It’s tough to have empathy; to understand that everyone has valid reasons for what they do, especially when such reasons are hidden behind a tough exterior. In other words, when someone snickers and says something like “I did it for fun”, it’s easy to feel hatred. But the truth is, that person can’t explain what’s really behind their poor behavior because he/she doesn’t understand the wrongful ways they were mislead.
That’s one of the most effective places for the enemy to put a wall, right at the start of an uneasy emotion. As soon as we see the image of the person who did something awful, we start that standard judgement, and anger instantly comes with it.
So as long as one side does terrible things and doesn’t see the wrong of them, and the other side just condemns; no one will ever get to the logic and construction we need to intervene, understand, repackage and repair. Currently, we’re so far away from such a constructive, intelligent way of helping ourselves that there are entire groups of people who throw endless time, money and justification at flattening and throwing other people away.
Aside from practicing empathy and inclusiveness, there are also more immediate techniques we can use to fight anger. These include deep breathing, massaging your own palms and using tactile techniques. These are expanded in and article I’ve written on my photography portfolio, The Art of Calm.
I have one more recommendation... prayer. Ask for God to help you cut the roots of anger. Ask for help in changing your heart and gaining wisdom to understand and repair poor behavior. (FYI, He will never tell you to use violence, slander, vandalism or any kind of weapon to destroy others. God will only help you learn to make repairs with love and compassion.)
The enemy will constantly and consistently remind you of your pride and the (false) reasons why you should hold on to anger. But with prayer, practice and understanding; as the anger melts, so will the consequences for everyone. What’s left is a better version of you and a deeper connection to God and everyone else.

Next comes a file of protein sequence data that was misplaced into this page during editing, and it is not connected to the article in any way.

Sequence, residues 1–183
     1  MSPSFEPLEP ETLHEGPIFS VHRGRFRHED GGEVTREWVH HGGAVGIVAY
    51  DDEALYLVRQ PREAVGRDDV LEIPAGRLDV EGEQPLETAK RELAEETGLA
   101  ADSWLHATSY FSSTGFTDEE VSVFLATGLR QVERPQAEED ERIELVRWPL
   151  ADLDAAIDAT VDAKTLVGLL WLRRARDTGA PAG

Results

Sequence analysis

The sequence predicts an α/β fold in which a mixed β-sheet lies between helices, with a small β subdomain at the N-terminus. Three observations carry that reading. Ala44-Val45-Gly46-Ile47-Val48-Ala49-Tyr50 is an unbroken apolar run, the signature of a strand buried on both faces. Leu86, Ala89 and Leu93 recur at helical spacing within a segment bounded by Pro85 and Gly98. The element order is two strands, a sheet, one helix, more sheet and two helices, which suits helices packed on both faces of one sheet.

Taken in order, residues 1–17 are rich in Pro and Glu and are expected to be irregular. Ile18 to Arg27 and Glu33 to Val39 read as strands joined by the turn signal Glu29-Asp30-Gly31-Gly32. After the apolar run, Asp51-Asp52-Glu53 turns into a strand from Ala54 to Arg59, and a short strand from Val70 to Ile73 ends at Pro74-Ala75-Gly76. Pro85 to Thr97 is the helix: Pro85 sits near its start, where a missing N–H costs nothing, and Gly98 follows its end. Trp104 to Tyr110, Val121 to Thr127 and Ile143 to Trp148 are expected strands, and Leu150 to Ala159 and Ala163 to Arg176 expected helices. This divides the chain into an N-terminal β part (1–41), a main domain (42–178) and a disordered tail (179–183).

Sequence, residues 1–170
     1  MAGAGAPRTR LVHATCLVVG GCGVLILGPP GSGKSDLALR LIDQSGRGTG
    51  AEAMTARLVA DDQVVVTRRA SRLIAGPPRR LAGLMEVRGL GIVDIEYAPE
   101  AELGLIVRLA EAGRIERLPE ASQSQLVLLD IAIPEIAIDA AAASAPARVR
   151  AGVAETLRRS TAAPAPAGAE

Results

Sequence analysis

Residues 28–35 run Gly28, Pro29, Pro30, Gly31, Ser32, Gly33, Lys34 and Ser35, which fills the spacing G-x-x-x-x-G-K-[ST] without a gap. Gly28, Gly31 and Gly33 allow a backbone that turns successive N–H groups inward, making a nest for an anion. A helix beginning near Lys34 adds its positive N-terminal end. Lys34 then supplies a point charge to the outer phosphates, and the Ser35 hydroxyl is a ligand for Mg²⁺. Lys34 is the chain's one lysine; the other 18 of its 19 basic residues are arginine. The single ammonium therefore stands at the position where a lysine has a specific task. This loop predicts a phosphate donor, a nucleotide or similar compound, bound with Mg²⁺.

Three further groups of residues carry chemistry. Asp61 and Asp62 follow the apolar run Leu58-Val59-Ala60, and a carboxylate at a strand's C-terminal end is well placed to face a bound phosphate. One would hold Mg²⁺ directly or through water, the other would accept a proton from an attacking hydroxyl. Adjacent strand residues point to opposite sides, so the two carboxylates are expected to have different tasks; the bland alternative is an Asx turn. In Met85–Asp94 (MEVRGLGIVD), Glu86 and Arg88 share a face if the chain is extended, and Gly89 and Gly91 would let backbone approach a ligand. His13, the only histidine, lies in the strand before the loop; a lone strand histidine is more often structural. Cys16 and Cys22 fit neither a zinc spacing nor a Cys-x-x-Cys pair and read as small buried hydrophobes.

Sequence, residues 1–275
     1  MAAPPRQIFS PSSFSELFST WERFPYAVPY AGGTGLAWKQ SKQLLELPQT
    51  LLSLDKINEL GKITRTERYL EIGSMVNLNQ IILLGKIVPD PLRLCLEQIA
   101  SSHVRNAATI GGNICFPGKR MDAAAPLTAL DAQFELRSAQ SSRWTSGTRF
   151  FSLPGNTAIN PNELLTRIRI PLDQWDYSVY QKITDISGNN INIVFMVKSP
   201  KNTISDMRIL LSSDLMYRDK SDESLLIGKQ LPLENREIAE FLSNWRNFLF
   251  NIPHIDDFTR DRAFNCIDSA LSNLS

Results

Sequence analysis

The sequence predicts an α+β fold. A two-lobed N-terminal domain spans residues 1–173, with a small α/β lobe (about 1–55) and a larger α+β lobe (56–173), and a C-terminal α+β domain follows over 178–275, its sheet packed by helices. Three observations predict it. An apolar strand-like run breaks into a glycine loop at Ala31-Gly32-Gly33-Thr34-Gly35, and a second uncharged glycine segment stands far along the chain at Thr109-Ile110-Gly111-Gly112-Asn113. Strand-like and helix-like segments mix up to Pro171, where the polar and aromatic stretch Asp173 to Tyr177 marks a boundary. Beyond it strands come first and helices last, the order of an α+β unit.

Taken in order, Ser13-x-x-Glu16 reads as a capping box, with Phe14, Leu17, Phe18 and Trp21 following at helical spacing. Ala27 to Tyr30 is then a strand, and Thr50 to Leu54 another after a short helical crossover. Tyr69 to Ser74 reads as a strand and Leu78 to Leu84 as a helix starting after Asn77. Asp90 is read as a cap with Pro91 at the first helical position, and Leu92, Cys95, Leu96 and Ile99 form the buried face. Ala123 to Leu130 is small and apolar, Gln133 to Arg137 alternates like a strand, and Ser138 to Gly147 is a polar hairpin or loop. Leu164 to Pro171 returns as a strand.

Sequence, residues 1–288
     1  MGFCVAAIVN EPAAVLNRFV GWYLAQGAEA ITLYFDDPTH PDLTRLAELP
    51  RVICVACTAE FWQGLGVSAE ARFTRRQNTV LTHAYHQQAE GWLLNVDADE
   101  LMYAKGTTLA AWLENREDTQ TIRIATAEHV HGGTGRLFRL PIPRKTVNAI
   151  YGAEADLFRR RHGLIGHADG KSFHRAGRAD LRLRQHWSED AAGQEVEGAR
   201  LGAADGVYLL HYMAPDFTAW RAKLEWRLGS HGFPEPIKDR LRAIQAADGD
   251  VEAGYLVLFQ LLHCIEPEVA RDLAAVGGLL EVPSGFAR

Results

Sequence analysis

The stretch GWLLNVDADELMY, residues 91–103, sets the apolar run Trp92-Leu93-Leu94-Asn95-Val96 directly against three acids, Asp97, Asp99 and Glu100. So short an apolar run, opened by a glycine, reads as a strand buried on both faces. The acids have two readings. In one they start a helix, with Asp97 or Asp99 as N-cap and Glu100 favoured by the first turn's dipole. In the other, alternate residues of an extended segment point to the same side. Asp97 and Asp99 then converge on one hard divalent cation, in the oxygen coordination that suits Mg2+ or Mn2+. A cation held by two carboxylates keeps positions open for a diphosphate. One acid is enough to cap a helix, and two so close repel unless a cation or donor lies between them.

Links mentioned above
How the Enemy Works (article) - All life, when it grows properly, grows from the inside out. Newborn humans can only function well at their core (heart, lungs, flailing bodies).
Pay not Attention to the Enemy, Only the Task at Hand (article) - The anger of the Devil is resold the same way. It's always made by the same being for the same purpose. But it's rebranded by many different people who pass it on.
The Art of Calm. (article, by me, on my photography portfolio) - tips and tricks on how to bring instant calm in almost any situation.
Walls, (1/7) - Filling in the Blanks (and Series Intro) (article) - Series intro. We feel the need to understand our situation to move on, but often times that need backfires.
Walls (2/7) - Technology (article) - We can end a relationship during a TV commercial break, or eat a meal with others while almost never looking up from our phones.
Walls (3/7) - Self Talk (article) - If the influence was as innocent and ineffective as it seems, it would have died off before we ever knew it as everyday life.
Walls (5/7) - Deception (article) - If you can convince your opponent the real you doesn’t exist, you can stand right next to them with a smile on your face and hand on the controls and no one will say no.
Walls (6/7) - Money (article) - Is it bad to be wealthy? The question sounds simple enough, almost as if there should just be a “yes” or “no” answer. But in truth it’s a bit more complicated than that.
Walls (7/7) - The Investments That get us Out (article) - would you want to set up a fort every time you go #2? It takes an initial investment, but it works.
How the Enemy Works (article) - A general idea of how the enemy seeps into every-day life and how to deal with it.